Beauty advertising does more than just share the newest shade of lipstick; it carefully crafts campaigns in a way that emphasizes an experiential feeling for the consumer. Beauty advertising specifically uses Twitter to achieve this. By creating an online presence on this platform, marketers of the beauty industry are able to see the thoughts and feelings of their consumers, and can therefore customize interactions to push brand messages through to them.
Unilever introduced Dove’s Campaign for Real Beauty in 2006 to diffuse the stigma attached to outspoken self-love, to re-define beautiful by throwing out stereotypes, and to celebrate what is good and natural about all women — every shape, age, and size. It has ridden the new wave of social media straight to shore, establishing its own social media pages and the #RealBeauty hashtag. Dove took to Twitter to create deeper connections with its consumers to accompany the deep topics they cover throughout the campaign. The #SpeakBeautiful campaign was first launched at the Academy Awards in 2015. Dove and Twitter created a new technology to assess tweets as positive or negative. On the night of the awards, Dove was positioned on Twitter and ready to respond to women’s tweets that negatively compared themselves to celebrities and showed low self-esteem.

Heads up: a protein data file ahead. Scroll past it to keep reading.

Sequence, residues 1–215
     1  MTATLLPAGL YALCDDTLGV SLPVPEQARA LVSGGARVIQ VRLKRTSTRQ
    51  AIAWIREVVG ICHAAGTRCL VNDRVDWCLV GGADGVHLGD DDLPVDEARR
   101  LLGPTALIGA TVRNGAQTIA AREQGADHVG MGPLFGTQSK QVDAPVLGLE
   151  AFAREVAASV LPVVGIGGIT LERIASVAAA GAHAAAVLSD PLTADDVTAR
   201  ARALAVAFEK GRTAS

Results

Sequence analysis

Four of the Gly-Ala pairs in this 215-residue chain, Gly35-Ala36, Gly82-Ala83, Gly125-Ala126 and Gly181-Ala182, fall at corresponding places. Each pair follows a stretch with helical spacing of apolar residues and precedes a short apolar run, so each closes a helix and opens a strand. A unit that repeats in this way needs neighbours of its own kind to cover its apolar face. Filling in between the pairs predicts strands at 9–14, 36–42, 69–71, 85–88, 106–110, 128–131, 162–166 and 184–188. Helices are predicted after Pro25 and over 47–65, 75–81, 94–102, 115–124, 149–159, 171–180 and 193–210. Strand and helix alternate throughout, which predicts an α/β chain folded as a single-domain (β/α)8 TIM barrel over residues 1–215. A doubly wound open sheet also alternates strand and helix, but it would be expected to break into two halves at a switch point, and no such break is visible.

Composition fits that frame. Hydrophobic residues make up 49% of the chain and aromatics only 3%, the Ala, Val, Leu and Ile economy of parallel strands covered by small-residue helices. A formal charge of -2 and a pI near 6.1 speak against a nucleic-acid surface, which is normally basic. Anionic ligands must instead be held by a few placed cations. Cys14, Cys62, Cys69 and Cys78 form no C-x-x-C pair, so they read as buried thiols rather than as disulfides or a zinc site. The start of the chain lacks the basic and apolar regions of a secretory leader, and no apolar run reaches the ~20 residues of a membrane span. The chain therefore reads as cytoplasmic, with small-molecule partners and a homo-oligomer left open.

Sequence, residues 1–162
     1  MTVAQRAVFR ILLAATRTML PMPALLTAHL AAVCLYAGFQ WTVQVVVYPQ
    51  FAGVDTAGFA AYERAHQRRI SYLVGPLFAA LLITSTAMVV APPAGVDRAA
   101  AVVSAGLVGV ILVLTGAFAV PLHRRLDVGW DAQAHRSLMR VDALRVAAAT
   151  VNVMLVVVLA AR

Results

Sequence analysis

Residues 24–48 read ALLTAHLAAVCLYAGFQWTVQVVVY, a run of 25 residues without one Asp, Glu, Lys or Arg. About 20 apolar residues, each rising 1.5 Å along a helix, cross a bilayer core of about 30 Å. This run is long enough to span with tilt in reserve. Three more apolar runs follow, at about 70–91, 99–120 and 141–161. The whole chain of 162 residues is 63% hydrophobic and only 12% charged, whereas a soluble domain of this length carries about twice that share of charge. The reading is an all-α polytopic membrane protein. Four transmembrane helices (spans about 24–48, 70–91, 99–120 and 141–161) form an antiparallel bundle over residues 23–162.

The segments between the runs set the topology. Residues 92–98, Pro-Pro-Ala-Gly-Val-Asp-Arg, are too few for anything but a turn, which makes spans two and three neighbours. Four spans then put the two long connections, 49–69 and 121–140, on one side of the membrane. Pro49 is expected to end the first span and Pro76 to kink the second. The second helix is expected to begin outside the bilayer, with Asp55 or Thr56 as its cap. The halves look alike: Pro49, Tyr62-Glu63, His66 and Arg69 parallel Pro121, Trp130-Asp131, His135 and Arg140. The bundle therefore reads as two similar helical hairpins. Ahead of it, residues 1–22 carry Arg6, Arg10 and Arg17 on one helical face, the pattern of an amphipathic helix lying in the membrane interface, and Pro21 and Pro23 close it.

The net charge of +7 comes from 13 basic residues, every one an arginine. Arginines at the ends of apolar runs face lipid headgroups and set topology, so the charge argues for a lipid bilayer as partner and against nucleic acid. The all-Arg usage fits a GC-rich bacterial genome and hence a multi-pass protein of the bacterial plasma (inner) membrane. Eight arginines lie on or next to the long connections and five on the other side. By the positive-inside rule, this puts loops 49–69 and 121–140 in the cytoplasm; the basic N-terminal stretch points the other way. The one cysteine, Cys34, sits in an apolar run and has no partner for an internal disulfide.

The #SpeakBeautiful campaign reappeared in 2016 with a new twist: Dove would now be able to target Twitter users through body image related keywords within their tweets. Dove specifically looked for women that tweeted negative things about their body, or alluded to a lack of self-worth. Dove seized this opportunity to step in as a brand, and began to make positive replies to the tweets. Women were also able to retweet a specific tweet from the Dove account to get a guaranteed response and personal analysis of their own tweets.
By encouraging consumers to retweet the #SpeakBeautiful message, Dove was able to secure earned media straight from its consumers that advertised the positivity campaign to a broader range of networks.
However, this initiative was not met without criticism. Some of the women that received replies from Dove felt that their insecurities had been preyed upon for the purpose of pushing a message. Others felt that this was a phony attempt to create relationships with consumers, with the main purpose being for Unilever just to sell products.
Advertisers are often met with criticism such as this. The key to using Twitter in this manner is to be genuine. The brand must be careful to place itself in the consumer’s world in a subtle “hey, we’re listening” way, rather than in an aggressive “hey, buy our product” way. While many of Dove’s tweets did not contain a product mention at all, it is vitally important to remember that all interactions between brand and consumer are considered advertising — if not for a single product, then for the brand and the brand’s reputation itself.
Dove used Twitter to replicate its core values of female empowerment. The brand utilizes these messages to change the way women speak about themselves online and think about themselves daily, which is sure to make them stand out on the beauty aisle.